Setting the Pace on Day One

I think day one at a new job is the most important. It is going to set the pace for the rest of the job. I’m always conscious of first impressions and nothing is more important than a job’s first impression. There are only a few ways a first day can go though:

  • Hit the ground running: You get in, login, are handed a task and you get to it. You meet the people you need to get things done, you get the information you need quickly, and you start solving hard problems. This is a challenge and it pushes you out of your comfort zone but you love it because you know there won’t be a dull day at work. You’ll be working with smart, capable and interesting people. Yay for work!
  • Busy, busy work: You sit down, get on the computer and you’re given tons of information to read. Background, client information, goals, visions, timelines. You need to understand it all by yesterday. But, you’re not really doing anything. You’re becoming acclimated but it’s not the most effective way–it’s a cheap way.
  • Orientation: Go to a day in the office, have policies and procedures read to you, walk around and find the bathroom (as if you couldn’t find it when the issue presented itself), learn how to change your voicemail (as if people are going to call you in the next few weeks).
  • Paperwork: Sign this, put your SSN here, sign here, initial here, read the NDA and date it. You’ll need to do this all morning. This afternoon you have a sexual harassment seminar and then you can catch a flight to go to orientation. You’ll see some work when your boss gets back in town.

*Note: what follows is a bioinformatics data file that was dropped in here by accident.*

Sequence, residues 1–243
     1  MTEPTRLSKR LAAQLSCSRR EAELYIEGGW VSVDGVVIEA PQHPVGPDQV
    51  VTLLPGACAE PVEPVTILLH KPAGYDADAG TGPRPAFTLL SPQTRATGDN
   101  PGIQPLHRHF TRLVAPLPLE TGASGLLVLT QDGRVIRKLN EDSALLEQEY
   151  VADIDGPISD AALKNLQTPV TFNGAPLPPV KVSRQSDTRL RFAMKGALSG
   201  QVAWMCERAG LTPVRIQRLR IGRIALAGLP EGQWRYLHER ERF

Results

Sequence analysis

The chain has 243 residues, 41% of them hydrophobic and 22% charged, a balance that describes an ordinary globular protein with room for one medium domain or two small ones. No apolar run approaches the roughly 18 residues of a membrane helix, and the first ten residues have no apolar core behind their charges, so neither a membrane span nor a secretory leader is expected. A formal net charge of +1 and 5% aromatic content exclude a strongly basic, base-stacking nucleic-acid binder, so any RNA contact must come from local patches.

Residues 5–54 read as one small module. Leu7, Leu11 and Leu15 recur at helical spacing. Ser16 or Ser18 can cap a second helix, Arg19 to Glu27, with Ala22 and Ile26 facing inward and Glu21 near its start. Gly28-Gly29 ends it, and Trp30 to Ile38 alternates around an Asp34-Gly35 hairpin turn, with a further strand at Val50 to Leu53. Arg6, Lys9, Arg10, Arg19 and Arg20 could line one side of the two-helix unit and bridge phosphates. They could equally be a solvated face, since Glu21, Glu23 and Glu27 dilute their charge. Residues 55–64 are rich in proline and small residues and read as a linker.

I’ve experienced a mixture of all these and I know there are plenty more. I’ve walked into a small business (4 people) and had to find out why the router isn’t working anymore, contact the ISP and put together a proposal as to which provider we should switch to (JIC).

I’ve walked into a cubicle farm and been handed boring, menial tasks because nobody was there to supervise me yet and help me get to work on a project. I’ve gone to three consecutive weeks of training worth absolutely nothing.

I think companies should start to see the value of the first scenario. It’s like a First Class Interview because your new hire will either sink or swim. Why waste 16-40 hours of salaried time getting them acclimated, trained and filling out papers that might not be relevant in a few weeks? What if they fail in a month and you had already wasted a few days paying them. (Yes, I’m suggesting that interviewing is imperfect and some folks will slip through the cracks, but that’s another discussion.)

Have you ever had a spectacular first day? One that set the pace for the rest of your time with the company?